Thirdly. The period fixed for its continuance. “Till heaven and earth pass.” It is not uncommon in the sacred writings to find the stability and duration of any spiritual truth or promise compared to the perpetuity of the heavenly bodies. Thus, we read of the mediatorial dominion and empire of the Lord Jesus Christ: “His seed shall endure for ever, and his throne as the sun before me. It shall be established for ever as the moon, and as a faithful witness in heaven.”+ There are several parallel passages, where the same comparison is employed, and the same truth established. Thus, “Heaven and earth shall pass away, but my words shall not pass away.”I And
* Brewster in loco.
Matt xxiv. 35.
+ Psalm lxxxix, 36, 37,
particularly in these words—“The law and the prophets were until John: since that time the kingdom of God is preached, and every man presseth into it. And it is easier for heaven and earth to pass, than one tittle of the law to fail.”* The meaning of all these representations seems to be this,—that all the material world shall perish, before one thing can fail of its accomplishment or change its nature, in the moral world; or before the ever blessed God can fail to fulfil the designs of his law, and the predictions of his prophets. And it may be further remarked, that whereas some parts of the great scheme of Jewish worship were types of those eternal blessings which are reserved for the temple above, they would only have their perfect consummation when the present state should be for ever dissolved. We must not, indeed, suppose, that when “heaven and earth shall pass away,” that then the law will transpire. It is as permanent in its nature as the throne of the Almighty from whence it was given.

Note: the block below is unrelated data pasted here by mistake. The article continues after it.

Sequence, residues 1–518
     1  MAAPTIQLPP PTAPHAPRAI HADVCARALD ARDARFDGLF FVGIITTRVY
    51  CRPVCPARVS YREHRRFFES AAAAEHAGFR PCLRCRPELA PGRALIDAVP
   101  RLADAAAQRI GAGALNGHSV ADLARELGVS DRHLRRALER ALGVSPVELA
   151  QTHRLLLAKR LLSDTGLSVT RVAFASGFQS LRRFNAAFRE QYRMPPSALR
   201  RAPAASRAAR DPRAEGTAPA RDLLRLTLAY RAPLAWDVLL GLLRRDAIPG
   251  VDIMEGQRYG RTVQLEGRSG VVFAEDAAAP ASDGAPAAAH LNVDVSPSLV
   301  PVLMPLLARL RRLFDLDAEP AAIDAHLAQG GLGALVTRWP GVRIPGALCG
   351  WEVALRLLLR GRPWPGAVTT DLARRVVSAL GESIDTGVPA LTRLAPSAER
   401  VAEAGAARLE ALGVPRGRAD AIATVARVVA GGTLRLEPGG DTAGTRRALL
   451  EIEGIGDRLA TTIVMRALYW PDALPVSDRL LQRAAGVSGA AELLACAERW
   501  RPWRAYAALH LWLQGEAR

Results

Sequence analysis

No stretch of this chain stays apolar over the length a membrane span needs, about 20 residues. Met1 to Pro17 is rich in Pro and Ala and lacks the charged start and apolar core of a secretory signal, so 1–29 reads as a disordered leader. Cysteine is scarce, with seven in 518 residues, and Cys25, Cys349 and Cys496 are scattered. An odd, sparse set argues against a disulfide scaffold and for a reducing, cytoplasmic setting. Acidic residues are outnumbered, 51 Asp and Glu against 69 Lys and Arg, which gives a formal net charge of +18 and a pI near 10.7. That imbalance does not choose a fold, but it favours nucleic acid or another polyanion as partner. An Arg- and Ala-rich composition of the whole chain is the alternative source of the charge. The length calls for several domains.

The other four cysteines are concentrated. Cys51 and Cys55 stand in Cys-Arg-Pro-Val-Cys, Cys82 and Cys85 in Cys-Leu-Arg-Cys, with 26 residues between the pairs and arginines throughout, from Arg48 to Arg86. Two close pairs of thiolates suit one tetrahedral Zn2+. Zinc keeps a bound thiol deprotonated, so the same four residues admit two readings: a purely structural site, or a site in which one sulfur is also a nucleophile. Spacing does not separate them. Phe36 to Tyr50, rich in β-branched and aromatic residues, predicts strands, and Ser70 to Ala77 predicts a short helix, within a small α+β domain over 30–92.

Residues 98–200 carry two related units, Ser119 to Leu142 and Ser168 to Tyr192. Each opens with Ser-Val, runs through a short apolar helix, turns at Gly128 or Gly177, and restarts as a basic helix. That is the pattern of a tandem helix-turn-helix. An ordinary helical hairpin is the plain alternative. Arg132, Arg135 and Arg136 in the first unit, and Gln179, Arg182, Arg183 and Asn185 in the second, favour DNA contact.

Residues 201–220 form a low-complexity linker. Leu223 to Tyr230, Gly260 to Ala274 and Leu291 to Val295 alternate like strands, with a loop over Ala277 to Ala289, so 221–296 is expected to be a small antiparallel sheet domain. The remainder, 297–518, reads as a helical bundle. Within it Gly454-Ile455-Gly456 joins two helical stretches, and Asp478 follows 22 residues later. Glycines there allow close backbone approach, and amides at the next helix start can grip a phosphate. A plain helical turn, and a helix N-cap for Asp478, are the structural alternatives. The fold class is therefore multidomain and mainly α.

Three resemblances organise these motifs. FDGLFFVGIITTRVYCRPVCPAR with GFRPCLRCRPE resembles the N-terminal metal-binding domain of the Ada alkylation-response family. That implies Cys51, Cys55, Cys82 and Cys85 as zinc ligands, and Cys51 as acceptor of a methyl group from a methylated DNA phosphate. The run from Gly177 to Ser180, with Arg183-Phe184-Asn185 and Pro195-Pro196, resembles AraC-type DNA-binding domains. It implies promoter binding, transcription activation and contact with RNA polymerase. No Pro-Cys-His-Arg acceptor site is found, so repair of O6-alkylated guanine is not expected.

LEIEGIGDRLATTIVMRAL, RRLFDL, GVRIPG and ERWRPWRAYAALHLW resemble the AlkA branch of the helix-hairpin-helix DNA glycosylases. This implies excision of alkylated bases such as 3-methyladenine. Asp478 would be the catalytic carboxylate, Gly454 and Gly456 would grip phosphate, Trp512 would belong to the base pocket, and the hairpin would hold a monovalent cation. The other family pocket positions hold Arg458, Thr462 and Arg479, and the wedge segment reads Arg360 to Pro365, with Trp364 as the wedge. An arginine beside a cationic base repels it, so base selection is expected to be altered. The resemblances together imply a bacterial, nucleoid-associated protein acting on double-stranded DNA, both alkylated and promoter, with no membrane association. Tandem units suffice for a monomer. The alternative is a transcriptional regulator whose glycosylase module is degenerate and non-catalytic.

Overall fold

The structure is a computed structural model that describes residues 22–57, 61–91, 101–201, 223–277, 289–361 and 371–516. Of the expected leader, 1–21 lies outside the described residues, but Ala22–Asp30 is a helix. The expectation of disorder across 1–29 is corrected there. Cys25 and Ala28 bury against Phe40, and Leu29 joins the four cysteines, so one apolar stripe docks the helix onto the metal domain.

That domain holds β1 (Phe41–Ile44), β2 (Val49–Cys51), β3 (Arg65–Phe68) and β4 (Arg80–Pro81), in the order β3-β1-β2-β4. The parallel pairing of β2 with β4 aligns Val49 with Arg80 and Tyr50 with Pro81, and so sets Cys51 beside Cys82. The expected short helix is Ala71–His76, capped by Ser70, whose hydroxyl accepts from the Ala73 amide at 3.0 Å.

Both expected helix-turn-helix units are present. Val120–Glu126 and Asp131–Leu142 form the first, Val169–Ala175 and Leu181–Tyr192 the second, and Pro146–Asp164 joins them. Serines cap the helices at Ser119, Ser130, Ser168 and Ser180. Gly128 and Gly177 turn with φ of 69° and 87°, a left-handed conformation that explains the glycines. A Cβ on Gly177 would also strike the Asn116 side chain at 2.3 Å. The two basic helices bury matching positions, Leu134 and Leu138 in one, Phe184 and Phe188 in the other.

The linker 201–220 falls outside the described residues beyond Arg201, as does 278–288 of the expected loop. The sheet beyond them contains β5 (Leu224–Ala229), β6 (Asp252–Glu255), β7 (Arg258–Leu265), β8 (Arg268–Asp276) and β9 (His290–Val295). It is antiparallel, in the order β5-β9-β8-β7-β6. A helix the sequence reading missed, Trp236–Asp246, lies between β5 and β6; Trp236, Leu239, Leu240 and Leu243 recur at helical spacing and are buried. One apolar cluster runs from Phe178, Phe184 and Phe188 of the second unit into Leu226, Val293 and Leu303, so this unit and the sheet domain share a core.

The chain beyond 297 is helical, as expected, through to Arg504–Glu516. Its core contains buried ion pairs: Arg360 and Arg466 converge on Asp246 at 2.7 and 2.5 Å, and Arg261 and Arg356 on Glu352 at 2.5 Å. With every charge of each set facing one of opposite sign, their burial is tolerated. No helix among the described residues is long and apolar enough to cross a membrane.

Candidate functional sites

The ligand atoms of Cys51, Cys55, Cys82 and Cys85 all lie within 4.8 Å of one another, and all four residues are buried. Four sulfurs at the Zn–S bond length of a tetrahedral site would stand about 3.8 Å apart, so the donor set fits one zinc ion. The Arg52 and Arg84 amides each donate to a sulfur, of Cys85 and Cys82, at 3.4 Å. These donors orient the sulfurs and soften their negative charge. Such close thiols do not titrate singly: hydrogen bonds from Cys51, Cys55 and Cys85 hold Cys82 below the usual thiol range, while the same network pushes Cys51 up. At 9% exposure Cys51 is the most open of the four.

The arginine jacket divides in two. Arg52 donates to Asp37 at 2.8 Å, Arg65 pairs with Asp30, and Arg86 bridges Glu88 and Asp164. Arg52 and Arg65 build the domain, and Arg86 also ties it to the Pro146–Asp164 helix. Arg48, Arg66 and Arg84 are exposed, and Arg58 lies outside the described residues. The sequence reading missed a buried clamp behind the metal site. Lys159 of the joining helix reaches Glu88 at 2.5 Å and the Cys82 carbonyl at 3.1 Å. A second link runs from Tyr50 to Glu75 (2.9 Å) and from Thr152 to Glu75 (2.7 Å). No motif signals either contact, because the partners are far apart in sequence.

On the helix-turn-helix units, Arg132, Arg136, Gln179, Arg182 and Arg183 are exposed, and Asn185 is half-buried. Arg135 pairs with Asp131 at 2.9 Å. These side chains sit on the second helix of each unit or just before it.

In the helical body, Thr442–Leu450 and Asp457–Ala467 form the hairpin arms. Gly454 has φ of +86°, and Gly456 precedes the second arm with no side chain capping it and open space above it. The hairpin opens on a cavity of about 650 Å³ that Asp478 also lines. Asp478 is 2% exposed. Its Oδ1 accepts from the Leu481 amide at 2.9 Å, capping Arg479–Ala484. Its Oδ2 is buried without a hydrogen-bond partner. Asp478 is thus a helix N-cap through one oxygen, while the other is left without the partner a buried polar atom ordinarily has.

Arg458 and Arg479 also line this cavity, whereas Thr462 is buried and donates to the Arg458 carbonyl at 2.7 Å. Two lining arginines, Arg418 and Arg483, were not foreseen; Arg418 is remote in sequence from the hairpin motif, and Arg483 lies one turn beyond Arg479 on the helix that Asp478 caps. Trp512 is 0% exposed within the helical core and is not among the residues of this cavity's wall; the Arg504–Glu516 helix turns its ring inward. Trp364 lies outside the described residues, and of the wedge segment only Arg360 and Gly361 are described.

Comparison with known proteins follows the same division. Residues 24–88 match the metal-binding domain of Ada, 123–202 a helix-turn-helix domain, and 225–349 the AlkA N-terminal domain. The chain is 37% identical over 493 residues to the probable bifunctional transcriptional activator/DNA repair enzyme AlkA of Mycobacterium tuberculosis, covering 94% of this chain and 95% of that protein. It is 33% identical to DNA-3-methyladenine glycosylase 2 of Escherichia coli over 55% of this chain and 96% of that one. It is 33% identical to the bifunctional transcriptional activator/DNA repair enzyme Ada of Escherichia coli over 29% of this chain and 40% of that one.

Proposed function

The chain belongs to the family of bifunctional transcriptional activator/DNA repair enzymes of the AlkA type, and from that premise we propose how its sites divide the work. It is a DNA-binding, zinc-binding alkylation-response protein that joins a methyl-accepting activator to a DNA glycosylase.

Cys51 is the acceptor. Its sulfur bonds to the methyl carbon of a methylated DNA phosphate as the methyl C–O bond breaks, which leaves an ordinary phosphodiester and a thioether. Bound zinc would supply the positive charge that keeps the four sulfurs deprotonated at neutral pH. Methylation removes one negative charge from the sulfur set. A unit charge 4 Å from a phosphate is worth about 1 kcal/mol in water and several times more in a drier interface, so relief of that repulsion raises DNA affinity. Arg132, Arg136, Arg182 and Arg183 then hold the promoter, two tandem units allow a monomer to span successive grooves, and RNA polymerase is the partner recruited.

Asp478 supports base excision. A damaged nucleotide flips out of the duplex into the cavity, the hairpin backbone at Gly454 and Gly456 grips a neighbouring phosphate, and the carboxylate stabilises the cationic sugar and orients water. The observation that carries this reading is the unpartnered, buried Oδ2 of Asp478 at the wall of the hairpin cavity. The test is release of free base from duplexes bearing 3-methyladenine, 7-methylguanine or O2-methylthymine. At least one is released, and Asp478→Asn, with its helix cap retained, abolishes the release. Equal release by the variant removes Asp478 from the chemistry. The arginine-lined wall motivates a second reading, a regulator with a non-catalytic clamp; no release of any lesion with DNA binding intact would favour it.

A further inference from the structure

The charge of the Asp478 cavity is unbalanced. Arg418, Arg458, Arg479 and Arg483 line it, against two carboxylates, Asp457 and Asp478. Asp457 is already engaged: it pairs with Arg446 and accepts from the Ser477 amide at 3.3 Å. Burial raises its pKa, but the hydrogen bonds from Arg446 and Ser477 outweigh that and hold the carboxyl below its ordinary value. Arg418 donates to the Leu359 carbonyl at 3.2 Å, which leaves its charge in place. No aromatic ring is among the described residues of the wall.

The explanation of the subject is now closed, and the application only remains.
First. Observe the great truth which we learn from this passage. I need only name it. It is our obligation, under all circumstances, to take the moral law as the rule of our conduct. That which was dishonesty under one dispensation, is dishonesty under another. Crime is crime, sin is sin, and theft is theft, in all places, and by whomsoever it may be committed. And while I rejoice, in common with my fellow Christians, that “we are redeemed from the curse of the law “ by the death of “ the Mediator of a better covenant" than that of works; yet that very self-same law is to be the rule of action in all our dealings with each other. A man who would deliberately
• Luke xvi. 16, 17.
break down one of its divine precepts, shows himself never to have rightly received the gospel of God's grace.